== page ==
Coronavirus: 13.8 per cent of young Chinese are unemployed

In April, the overall unemployment rate stood at 6 per cent. For the China Labour Bulletin, whilst dissatisfaction is growing, fear of contagion is hampering labour action. The service sector is unable to absorb surplus labour from manufacturing.

Beijing (AsiaNews) – Youth unemployment in China reached 13.8 per cent in April, up by 0.5 per cent over the previous month, China’s National Bureau of Statistics (NBS) reported today.

For the 8.7 million graduates, finding a job matching their expectations won’t be easy. Up to a third is likely to remain unemployed.

The unemployment rate for those aged between 16 and 24 is more than double the official national average, which is 6 per cent, up from 5.9 per cent in March. The ranks of the unemployed hit 6.2 per cent in February as a result of the pandemic.

The actual unemployment rate is certainly higher. Chinese authorities only take into account the workforce resident in urban areas (around 430 million people). This leaves out 300 million migrant workers, mainly from rural areas. For most observers, the latter have been the hardest hit by the country's economic downturn.

In January and February, the Chinese economy created 3.54 million new jobs, one million less than in the same period last year, mostly part-time or day jobs, which offer few prospects for the future and no social safety net.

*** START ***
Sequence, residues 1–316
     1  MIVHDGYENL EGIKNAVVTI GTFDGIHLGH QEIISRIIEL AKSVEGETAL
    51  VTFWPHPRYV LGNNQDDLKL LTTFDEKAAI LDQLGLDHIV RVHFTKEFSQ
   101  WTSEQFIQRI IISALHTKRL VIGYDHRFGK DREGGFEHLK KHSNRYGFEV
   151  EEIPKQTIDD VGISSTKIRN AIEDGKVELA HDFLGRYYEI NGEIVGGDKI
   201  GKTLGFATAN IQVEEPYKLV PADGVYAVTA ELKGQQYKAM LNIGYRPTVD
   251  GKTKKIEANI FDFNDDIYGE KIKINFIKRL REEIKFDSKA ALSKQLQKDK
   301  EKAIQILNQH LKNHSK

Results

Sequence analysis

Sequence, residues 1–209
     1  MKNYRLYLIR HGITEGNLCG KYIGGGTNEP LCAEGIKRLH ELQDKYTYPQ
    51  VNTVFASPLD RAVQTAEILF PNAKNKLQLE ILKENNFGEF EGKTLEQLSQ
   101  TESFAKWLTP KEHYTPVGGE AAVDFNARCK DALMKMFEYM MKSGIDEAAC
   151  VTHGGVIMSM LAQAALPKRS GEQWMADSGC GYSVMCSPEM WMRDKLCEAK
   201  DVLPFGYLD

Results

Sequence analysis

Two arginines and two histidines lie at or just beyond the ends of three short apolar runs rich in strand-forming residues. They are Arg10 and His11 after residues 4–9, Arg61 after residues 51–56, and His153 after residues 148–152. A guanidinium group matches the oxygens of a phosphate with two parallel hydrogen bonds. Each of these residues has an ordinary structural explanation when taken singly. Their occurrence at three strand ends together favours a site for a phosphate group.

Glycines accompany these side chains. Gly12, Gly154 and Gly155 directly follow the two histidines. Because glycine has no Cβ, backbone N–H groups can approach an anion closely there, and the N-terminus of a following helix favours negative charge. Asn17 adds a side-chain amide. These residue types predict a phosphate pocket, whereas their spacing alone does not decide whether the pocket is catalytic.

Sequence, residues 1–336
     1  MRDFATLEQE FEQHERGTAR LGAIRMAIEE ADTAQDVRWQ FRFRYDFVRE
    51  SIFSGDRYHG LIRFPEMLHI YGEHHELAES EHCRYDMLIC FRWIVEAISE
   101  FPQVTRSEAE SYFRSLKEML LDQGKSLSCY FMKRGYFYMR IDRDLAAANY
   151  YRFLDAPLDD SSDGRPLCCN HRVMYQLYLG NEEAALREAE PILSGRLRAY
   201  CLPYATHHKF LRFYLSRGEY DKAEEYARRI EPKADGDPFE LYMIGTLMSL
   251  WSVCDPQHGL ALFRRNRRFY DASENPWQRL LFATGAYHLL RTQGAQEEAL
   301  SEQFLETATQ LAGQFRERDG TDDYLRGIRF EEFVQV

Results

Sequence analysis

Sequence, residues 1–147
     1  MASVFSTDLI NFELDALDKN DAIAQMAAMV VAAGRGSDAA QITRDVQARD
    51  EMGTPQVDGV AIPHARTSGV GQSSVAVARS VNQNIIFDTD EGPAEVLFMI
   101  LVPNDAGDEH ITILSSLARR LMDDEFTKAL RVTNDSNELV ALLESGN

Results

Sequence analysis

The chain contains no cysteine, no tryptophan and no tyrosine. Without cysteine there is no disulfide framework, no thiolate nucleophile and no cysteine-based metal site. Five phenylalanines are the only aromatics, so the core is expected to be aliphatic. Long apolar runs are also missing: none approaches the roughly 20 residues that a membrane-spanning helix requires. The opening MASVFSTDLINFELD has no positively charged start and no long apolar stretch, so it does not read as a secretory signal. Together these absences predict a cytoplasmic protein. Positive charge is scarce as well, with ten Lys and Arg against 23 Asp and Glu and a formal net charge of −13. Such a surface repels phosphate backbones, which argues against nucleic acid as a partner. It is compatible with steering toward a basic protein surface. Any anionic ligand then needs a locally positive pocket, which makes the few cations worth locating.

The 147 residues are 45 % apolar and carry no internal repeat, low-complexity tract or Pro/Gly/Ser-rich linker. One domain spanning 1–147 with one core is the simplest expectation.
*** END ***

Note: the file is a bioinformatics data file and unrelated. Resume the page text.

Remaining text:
According to a study by the Hong Kong-based China Labour Bulletin (CLB), using press information and monitoring Chinese social media, dissatisfaction is growing in the mainland over the employment situation. However, this has not yet turned into intense labour militancy.

CLB recorded only 142 strikes in the first four months of 2020, down sharply from 483 last year. The fear of contagion seems to have dampened workers' will to protest.

Services and transportation are the sectors that have seen the most strikes. Manufacturing has had fewer problems since the start of the pandemic crisis.

Few manufacturing workers have been laid off. Instead, employers have placed staff on unpaid leave or only paid their basic wage because there is no overtime available.

Before the pandemic, services were the most dynamic sector of the economy, absorbing many of the workers laid off in manufacturing. This shift from one sector to another is impossible under current conditions.

According to the NBS, the Index of Services Production dropped in April by 4.5 per cent year on year. In the first four months, the same Index declined by 9.9 per cent year on year.